Moraira – getting to know the area

One of the many benefits of owning a property in Moraira is its location. Tucked between the larger resorts of Javea and Calpe on the Costa Blanca North, it’s just 80 kms (1 hr) from Alicante and 110 kms (1.5 hrs) from Valencia – both with excellent air and road links.

Bursting with character, Moraira was once a small fishing village that has now blossomed into a charming resort. Popular with visitors from all over Europe, Moraira is also a favourite of Spanish visitors from Madrid and Valencia. And no wonder – it has an impressive marina, excellent local shops, weekly open markets, harbour-side fish restaurants and authentic Spanish bars.

Moraira’s location has another benefit – a wonderful subtropical Mediterranean climate, with cool sea breezes in summer and protection by surrounding mountains against the cold north winds in winter. On average Moraira has 325 sunny days each year. In fact, the World Health Organisation recommended its climate as one of the most equitable in the world – neither too hot in the summer nor too cold in the winter.

Sun, sea, sand… and food!

Moraira boasts two beautiful, gently shelving sandy beaches, both awarded the prestigious EEC Blue Flags for cleanliness. They’re well tended and very safe for family bathing. In fact, the whole of the Costa Blanca has 34 Blue Flag beaches – three times the number of any other Costa (Costa del Sol has eight).

You can choose how you want to relax here. Golf is well catered for, with 13 excellent clubs on the Costa Blanca and four in the Moraira area. Or you can choose tennis, football, squash, all water sports, boat hire and trips, horse-riding, go-kart racing tracks for both adults and children, a small fairground and three good night clubs for all ages. And there are simply too many excellent restaurants to list, but suffice to say that eight of them are Michelin recommended restaurants, three of them being star-rated and none of them too expensive.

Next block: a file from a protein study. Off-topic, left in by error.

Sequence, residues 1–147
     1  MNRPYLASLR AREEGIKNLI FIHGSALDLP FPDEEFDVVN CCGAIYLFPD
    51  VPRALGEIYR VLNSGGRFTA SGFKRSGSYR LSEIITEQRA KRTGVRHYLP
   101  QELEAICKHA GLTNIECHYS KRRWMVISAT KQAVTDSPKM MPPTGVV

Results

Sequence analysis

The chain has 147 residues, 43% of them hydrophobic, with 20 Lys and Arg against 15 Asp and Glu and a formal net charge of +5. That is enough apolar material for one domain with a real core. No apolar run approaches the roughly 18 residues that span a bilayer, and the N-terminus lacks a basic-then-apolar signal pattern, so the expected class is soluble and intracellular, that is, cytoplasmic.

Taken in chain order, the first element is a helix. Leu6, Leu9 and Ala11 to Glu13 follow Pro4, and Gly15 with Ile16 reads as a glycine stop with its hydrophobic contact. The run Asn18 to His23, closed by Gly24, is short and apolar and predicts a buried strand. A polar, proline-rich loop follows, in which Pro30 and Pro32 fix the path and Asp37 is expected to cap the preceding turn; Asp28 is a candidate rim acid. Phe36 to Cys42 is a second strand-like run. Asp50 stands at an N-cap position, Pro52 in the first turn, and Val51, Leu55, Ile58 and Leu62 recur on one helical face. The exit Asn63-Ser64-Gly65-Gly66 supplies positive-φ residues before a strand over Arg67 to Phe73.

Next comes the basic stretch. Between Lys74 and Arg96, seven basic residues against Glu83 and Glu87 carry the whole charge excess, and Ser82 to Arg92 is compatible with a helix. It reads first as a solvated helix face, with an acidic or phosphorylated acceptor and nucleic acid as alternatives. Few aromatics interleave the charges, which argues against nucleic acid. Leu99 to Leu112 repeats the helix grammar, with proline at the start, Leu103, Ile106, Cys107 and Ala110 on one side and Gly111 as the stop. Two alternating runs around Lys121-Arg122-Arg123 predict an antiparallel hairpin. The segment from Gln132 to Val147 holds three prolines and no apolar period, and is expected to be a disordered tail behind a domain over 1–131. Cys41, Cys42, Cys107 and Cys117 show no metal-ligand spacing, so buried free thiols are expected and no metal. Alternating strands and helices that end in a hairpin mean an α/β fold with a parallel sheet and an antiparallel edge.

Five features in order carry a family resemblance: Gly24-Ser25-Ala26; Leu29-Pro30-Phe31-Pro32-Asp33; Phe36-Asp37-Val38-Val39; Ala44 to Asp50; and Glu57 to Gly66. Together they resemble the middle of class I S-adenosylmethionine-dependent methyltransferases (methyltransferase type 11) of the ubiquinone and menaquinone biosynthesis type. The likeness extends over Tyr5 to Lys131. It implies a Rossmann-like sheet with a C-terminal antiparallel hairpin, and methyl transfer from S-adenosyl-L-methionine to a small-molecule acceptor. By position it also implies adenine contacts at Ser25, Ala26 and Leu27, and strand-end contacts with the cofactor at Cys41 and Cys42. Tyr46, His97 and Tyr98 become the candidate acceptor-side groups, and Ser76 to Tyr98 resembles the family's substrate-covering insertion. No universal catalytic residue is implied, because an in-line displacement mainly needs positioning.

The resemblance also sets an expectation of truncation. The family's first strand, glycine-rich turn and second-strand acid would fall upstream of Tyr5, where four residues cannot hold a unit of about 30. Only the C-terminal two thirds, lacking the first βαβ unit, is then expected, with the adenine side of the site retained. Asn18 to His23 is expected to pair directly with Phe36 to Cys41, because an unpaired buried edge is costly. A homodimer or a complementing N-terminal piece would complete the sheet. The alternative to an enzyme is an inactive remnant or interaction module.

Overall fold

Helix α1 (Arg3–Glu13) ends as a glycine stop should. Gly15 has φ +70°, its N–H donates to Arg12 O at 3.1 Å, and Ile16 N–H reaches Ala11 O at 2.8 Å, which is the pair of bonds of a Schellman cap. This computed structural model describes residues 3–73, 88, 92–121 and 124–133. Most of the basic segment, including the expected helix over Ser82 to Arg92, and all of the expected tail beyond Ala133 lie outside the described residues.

Whether you’re cooking a gourmet meal yourself, or just looking for delicious local produce, there are numerous well-stocked local supermarkets to choose from. You can get most of the products you’ll be used to in the UK. And the enormous Continente Hypermarket is only half an hour away if you’re looking for even more choice. Moraira has a weekly Friday market held next to the beach, or you could plan a visit to the various markets held at nearby Costa Blanca resorts. They are bustling and fun – as well as a great place for cheap fresh fruit and vegetables, local specialities, herbs and spices, leather goods, clothes, rugs, fresh and silk flowers, souvenirs, pottery and a whole lot more. And at the harbour you can buy fish straight off the boats – you can’t get much fresher than that!

The idyllic Moraira Valley

Thanks to strict planning controls, the valley of Moraira remains unspoilt, with the luscious green landscape merely dotted with whitewashed villas and not a tower block in sight.

Independent luxury villas and low-rise ‘pueblo-style’ apartment complexes mingle with the pinewoods, cultivated vine terraces and orange groves, providing the perfect setting for those seeking total peace and privacy. The area remains exclusively for villa owners and individuals who prefer home-from-home comforts and enjoy an independent, rather than a package, holiday.

Moraira and beyond

There’s no shortage of places to explore around the Costa Blanca. Take in the other coastal resorts of Javea, Calpe, Denia, Altea, Benidorm, Villajoyosa and Alicante. Or enjoy spectacular scenery inland, including the wonderful mountaintop fortress of Guadalest, the Vergel Safari Park near Denia, Europe’s largest palm forest at Elche and the ancient city of Murcia.

Valencia (Spain’s third largest city) is an hour and a half away and Barcelona (the second largest) and the capital Madrid are just four hours away, all easily reached by motorway. Spain’s answer to Euro Disney, Port Adventura near Barcelona, is about four and a half hours away, and another theme park ‘Finestrats’ is only 45 minutes away. Or why not take the famous `Lemon train’ from Alicante and Denia – one of the great train journeys of Europe.

Getting to know the locals

Moraira has a sociable, international feel. The locals are friendly and patient with tourists and visitors – even though they don’t depend on tourism for their livelihoods. Most people are pleased to speak English, and even more pleased if you try and speak Spanish!

A great way to meet the locals is at one of the many fiestas held in this region throughout the year – with specific ones held in April, June, July and November in Moraira. The local tourist information centres will be able to provide dates for all fiestas in the Costa Blanca.